Sunday, February 2, 2020

Sustainable Energy in My Neighborhood

Sustainable energy has been a hot topic ever since global warming has become a problem. Countries all over the world has started developing sustainable energy that people can use that also wouldn’t harm the environment. In the United States, people like Douglas Healy strongly promotes sustainable energy be practiced in their country. Here in the Philippines, development of sustainable energy is still young, but I'm still glad to say we have already begun.  

What is Sustainable Energy?

According to Wikipedia, sustainable energy is the practiceof using energy in a way that "meets the needs of the present withoutcompromising the ability of future generations to meet their own needs.” That’s why other developed countries started using solar power or even wind power for their energy sources because it doesn’t harm the environment.

Solar Panels at Home

Fosera Solar Set at Home
Fosera Solar Set at Home
Here in the Philippines, I have started seeing buildings or even households using solar panels. In our own home, I was lucky enough to acquire  a small solar panel that is used for listening to radio and charging cell phones. I was lucky to win the set because it actually costs P7,000+. Solar panels are expensive, but if you think about it, it can save you more in the future. We still can’t afford huge solar panels to be placed in our roof to sustain our house’s electricity, but that’s our plan for the future once we are able. Living in a tropical country does have its advantages because we get a lot of hot sunlight from above which is why solar energy is the best among the sustainable energy types.

Can We Still Use Solar Panels During Rainy Season?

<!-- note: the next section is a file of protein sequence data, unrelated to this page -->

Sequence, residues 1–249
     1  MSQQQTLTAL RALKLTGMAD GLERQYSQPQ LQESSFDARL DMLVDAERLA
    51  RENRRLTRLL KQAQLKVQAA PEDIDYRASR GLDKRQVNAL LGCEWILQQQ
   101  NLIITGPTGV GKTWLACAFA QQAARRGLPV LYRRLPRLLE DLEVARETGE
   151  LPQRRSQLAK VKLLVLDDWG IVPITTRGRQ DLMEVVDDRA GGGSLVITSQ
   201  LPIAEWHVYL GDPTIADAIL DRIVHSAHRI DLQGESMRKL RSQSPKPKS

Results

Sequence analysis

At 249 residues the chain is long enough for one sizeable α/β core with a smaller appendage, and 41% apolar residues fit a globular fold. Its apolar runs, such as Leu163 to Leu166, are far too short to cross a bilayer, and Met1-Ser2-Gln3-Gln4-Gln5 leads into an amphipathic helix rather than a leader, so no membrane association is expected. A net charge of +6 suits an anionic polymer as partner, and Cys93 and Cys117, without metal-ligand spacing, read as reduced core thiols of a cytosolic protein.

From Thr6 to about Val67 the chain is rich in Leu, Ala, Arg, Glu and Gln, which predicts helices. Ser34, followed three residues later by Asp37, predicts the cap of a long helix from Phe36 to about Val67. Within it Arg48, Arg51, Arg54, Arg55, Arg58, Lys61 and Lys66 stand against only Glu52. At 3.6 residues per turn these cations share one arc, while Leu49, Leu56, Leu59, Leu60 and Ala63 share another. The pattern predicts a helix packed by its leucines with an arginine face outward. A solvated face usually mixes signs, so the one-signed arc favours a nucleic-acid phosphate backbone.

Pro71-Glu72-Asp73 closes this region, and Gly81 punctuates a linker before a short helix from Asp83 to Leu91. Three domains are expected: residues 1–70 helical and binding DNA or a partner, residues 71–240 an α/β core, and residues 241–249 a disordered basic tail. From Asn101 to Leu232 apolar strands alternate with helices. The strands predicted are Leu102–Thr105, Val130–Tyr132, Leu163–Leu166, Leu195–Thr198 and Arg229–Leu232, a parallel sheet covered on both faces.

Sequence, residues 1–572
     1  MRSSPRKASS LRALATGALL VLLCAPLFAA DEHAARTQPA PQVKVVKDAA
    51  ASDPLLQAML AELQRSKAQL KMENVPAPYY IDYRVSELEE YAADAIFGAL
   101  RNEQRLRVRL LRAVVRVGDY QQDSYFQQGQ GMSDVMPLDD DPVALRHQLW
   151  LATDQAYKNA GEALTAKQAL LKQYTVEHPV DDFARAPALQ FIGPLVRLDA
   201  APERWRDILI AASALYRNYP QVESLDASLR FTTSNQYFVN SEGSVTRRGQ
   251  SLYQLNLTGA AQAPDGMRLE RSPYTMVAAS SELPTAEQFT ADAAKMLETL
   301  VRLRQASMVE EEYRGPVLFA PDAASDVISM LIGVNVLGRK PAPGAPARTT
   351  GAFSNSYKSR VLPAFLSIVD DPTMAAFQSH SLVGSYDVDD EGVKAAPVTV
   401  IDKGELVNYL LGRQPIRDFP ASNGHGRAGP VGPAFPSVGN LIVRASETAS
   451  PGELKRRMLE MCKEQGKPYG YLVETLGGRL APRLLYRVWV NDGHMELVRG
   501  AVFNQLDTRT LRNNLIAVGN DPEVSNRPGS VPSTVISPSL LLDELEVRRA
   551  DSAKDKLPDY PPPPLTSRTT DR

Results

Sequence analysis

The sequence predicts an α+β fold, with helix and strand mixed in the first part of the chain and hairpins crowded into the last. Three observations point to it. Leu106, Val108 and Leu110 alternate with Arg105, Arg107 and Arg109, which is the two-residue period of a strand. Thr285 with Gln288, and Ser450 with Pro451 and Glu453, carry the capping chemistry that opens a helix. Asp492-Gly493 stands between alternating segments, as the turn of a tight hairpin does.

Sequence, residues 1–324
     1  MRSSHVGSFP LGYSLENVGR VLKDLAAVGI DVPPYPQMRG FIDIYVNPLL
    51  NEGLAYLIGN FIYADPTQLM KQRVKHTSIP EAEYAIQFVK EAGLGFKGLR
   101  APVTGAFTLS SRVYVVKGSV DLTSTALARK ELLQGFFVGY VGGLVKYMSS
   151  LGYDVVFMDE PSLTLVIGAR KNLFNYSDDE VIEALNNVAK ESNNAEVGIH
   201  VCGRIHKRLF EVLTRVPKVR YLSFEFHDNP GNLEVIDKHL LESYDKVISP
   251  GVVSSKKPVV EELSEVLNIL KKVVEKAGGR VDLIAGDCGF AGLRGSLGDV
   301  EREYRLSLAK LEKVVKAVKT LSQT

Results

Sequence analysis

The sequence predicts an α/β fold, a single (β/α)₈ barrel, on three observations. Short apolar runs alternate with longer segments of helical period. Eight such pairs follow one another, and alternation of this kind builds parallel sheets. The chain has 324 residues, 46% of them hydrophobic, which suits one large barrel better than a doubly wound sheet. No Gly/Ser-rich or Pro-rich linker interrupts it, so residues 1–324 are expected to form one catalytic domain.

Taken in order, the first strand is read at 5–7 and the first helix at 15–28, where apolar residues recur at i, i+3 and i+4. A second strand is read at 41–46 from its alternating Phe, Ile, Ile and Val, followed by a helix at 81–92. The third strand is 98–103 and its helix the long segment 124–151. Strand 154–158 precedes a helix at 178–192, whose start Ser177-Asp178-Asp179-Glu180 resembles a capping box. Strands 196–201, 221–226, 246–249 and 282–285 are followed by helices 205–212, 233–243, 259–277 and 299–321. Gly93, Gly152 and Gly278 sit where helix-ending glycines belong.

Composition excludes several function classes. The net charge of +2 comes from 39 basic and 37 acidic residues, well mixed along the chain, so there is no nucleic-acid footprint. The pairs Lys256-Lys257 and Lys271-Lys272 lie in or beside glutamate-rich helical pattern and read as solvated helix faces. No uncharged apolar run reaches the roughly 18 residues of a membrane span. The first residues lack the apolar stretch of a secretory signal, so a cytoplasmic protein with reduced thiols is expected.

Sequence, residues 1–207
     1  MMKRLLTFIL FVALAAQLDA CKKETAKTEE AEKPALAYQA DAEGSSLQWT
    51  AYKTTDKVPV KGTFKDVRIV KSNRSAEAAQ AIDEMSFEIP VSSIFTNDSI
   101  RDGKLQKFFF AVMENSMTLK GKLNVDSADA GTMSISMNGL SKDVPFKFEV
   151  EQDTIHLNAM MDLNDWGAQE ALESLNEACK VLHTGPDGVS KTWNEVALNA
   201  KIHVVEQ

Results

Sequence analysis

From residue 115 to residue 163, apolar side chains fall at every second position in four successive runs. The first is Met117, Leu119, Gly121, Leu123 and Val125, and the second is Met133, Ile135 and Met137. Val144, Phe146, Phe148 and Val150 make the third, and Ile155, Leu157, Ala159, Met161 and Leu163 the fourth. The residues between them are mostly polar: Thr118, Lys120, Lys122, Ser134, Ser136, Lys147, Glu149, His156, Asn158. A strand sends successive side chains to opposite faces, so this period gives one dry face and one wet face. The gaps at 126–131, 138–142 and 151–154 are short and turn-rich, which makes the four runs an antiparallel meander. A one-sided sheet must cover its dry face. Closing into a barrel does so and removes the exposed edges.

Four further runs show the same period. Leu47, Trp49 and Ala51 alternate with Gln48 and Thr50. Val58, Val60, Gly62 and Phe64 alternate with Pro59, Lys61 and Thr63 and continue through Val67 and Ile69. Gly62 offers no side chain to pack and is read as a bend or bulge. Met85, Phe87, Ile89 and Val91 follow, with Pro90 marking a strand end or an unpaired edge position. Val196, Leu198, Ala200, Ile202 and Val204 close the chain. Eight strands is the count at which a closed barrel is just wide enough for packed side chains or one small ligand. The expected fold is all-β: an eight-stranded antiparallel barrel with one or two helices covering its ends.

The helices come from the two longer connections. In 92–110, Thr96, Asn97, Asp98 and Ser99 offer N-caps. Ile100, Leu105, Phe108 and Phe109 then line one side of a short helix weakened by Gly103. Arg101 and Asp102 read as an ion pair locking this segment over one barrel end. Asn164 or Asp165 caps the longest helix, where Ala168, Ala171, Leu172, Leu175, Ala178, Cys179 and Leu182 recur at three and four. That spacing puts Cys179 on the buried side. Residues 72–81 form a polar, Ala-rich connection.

One of the most common questions raised for solar panels is that is it still effective during the rainy season? Don’t we get enough sunlight during the rainy days? Well, it’s true that we don’t get much sunlight especially when there’s a typhoon, but do not fret. According to, photovoltaicpanels can use direct or indirect sunlight to generate power, though they aremost effective in direct sunlight. Solar panels will still work even when the light is reflected or partially blocked by clouds.  Another good news is that the rain actually helps keep your panels operating efficiently by washing away any dust or dirt.

Solar Night Lights

LED solar spot lamps
LED solar spot lamps
While walking around our village early evenings, I can see my neighbors use  different kinds of solar lights and in different styles. I saw solar-powered LED lights mounted on their external walls where they get charged during day time and then they light up during the night which is pretty cool. I even bought a pair online, but the one that’s mounted in one of our pillars near the entrance gate got damaged during the ash fall event that happened last month from the Taal volcano eruption. I don’t know if it can still be fixed and I tried cleaning the ash away, but the ash has already been stuck due to the rain that had happened a few days back. It’s like it’s like the panel has been covered with a thin layer of cement and I can’t clean it off.  So what I’ll do is just replace it with another LED light.

Another thing that captured my interest  are the spot lamps. Some of my neighbors  have solar powered spot lamps that light up their gardens at night which I really love looking at. I do plan on purchasing one of those someday because a garden looks really good if its lit up with lamps.

Be it solar, wind, geothermal or other means of sustainable energy, I am happy that people have begun recognizing these alternative energy sources and I am starting to see it in my own neighborhood which gives me a nice feeling about us as humans. It’s as if this is how technology should be used in the first place is for the betterment of the environment.

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